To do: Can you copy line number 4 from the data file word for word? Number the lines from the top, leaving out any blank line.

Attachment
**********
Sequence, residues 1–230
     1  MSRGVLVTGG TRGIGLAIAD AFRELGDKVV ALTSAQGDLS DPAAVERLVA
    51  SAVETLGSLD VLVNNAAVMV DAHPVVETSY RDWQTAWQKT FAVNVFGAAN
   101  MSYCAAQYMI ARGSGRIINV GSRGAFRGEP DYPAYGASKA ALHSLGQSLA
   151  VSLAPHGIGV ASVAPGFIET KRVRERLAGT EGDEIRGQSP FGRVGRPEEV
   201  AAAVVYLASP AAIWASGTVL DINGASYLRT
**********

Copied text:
   101  MSYCAAQYMI ARGSGRIINV GSRGAFRGEP DYPAYGASKA ALHSLGQSLA